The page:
Saturday, October 01, 2005

Whose Life is it Anyway?

Hermione Lee, Virginia Woolf’s Nose: Essays on Biography (Princeton University Press, 2005).

In previous books, biographer and literary critic Hermione Lee has analyzed the lives and work of writers such as Elizabeth Bowen, Philip Roth, Willa Cather and Virginia Woolf. In this collection of essays, Lee seeks to illuminate the art of biography rather than the life of a new subject. In the introduction, she writes:

Virginia Woolf’s Nose presents a variety of case studies where the biographer is faced with gaps and absences and unprovable stories. The aim is to ask, by looking in detail at such examples, how a life can be brought home to us. How do biographers deal with moments of physical shock, with the subject’s secret bodily life, with the mystery of death, and with the aftermath of rumour and reputation? How do they nose out the personality and the life of the writer through the often ambiguous and deceptive evidence of their work? What part do blame, resentment, personal affection, idealisation, judgment and defensiveness have to play in the courtroom drama of life-writing? Where do biographers start from, and how do they know when to stop?

Two dominant themes thread through this collection, linking the four essays it contains. The first has to do with the biographer’s subject as an embodied subject. The biographer’s target is always “a living person in a body, not a smoothed-over figure.” But representing a subject’s bodily life poses serious challenges to biographers. The second theme has to do with multiple versions of a single life, and the battles fought between those who have a stake in which version prevails, be they the subject’s family members, friends, lovers, descendants, literary scholars, biographers, or devoted readers.

These two themes come together very viscerally in the first essay, “Shelley’s Heart and Pepys’s Lobsters,” in which Lee discusses instances where bodily relics have played important roles in the formulation of life stories. She makes tantalizing references to the fate of Yeats’s bones, Einstein’s brain, and Napoleon’s penis, before settling on the story of Shelley’s heart as emblematic of “the contested use of sources, of rival versions and myth-making, in which a body part comes to symbolize the subject’s afterlife.” Apparently Shelley’s heart was all that survived the gruesome fate of his body after his drowning death, and his wife and his friends fought over who should get to keep it. Lee writes: “The battle over possession of Shelley’s heart seems to embody the contest over who should ‘own’ Shelley’s story.” And she illustrates the continuation of that battle between biographers who put forth competing versions of the life and of the story of the heart.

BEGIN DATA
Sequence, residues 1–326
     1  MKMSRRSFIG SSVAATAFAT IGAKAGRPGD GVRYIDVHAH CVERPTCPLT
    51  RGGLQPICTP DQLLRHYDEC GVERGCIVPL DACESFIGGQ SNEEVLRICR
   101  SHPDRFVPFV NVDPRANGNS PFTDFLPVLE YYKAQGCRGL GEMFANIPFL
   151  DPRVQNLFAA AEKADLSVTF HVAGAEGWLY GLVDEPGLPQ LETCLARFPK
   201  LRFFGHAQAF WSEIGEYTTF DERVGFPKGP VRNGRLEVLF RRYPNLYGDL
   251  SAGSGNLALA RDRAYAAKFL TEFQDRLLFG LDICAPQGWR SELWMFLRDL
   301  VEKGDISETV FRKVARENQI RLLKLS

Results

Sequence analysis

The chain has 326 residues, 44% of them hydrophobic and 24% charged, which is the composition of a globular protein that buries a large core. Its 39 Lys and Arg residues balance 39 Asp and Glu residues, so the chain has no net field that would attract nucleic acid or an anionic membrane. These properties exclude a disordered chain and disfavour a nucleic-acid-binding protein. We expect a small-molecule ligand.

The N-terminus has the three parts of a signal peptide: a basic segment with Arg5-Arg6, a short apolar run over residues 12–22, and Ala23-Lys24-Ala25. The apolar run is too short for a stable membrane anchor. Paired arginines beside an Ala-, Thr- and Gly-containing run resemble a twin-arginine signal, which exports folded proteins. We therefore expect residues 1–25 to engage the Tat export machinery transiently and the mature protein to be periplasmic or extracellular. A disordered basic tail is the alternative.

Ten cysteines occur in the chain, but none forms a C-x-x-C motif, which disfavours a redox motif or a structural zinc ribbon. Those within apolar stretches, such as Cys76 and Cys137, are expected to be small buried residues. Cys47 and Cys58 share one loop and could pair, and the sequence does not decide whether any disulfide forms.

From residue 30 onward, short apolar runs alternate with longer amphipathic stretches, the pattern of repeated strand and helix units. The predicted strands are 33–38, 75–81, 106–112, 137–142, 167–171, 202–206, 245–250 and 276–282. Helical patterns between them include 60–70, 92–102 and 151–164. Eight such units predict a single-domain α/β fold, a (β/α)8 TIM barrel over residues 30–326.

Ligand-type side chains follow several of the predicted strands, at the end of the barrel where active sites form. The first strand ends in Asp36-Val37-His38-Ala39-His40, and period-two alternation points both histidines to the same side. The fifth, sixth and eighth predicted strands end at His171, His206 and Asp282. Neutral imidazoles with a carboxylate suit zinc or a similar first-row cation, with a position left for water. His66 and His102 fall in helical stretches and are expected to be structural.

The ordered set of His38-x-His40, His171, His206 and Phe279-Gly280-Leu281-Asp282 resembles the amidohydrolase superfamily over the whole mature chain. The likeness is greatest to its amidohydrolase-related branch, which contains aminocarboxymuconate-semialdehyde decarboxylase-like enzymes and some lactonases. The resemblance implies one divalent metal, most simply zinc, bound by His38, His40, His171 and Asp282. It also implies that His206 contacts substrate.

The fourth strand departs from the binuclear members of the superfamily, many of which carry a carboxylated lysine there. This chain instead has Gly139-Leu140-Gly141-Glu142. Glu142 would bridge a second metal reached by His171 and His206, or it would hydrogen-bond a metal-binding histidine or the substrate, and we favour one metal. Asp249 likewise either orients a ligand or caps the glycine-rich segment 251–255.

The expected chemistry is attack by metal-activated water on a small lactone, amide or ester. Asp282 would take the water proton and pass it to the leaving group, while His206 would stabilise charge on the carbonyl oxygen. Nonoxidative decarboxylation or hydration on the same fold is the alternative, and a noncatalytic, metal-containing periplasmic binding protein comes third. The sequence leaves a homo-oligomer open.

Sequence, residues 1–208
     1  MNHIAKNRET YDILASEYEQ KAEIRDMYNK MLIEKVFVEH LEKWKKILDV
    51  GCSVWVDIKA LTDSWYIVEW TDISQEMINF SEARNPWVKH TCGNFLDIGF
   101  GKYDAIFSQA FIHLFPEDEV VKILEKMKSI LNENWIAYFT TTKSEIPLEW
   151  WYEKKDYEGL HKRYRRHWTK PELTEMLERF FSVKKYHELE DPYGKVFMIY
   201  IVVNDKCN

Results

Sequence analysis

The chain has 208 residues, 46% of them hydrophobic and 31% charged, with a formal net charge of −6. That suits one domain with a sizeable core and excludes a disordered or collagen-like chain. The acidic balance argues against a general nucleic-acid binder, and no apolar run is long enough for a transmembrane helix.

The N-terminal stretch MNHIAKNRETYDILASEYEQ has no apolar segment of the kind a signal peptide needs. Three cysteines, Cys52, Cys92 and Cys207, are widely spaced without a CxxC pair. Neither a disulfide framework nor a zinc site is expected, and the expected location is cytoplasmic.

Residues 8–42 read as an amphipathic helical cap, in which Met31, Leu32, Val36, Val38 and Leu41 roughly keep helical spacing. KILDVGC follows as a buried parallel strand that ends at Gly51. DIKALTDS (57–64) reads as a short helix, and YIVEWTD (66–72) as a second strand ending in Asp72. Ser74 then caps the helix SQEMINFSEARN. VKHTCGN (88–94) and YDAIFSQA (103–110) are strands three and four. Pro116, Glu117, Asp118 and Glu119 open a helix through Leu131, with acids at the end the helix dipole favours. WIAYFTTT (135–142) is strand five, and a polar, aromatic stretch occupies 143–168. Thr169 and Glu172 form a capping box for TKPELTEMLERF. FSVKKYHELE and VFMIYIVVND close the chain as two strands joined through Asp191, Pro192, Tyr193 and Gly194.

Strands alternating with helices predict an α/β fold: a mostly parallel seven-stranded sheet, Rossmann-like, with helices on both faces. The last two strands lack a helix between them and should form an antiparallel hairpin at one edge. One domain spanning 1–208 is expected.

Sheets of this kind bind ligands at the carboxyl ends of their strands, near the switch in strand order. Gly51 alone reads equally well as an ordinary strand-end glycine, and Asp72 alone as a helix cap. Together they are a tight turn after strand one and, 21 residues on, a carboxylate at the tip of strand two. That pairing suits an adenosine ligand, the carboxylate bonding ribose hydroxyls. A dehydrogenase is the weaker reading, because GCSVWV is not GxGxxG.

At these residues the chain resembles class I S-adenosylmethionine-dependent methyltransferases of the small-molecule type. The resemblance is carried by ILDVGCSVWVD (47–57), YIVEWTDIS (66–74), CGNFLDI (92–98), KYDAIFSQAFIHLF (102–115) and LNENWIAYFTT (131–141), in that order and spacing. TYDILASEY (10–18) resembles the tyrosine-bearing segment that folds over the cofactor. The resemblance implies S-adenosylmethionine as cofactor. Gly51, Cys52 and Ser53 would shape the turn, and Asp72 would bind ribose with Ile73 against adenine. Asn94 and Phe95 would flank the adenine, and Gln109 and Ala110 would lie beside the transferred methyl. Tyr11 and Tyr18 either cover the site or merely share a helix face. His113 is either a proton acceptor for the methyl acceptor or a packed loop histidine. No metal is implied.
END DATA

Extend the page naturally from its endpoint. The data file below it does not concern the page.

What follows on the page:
The second essay is the one that gives the collection its title, “Virginia Woolf’s Nose.” The nose in question is not Woolf’s own but rather the prosthetic one that Nicole Kidman donned to play Virginia Woolf in the recent film, The Hours. In this essay, Lee considers the layering of Woolf’s life and work with the fictional version of that life and work presented in Michael Cunningham’s novel The Hours, and the subsequent film version based on that novel. Lee does a marvellous job of unravelling these narratives and analyzing the responses of a range of constituencies to the various representations of Woolf. As author of a biography of Woolf and of a critical study of her work, of course Lee herself is a stakeholder here. Her candour about that and about her own responses to the novel and the film enrich rather than detract from her analysis.

The collection is rounded out by an essay on Jane Austen’s rumoured fainting spell upon hearing the news of her family’s impending move to Bath, and, finally, an essay on deathbed scenes in biographies. In the former, Lee illuminates the way that competing versions of Jane Austen’s life have affected interpretation of her work. In the latter, Lee demonstrates how shifting conventions in biography have changed the way deathbed scenes are represented. In both essays, Lee sets a series of different portrayals of the same scene side by side by side. This exercise reveals a great deal about the mechanics of biography.

Near the beginning of Virginia Woolf’s Nose, Lee states: “Biography is a process of making up, or making over.” In these essays, Lee offers a fascinating glimpse into that process of making up and making over.

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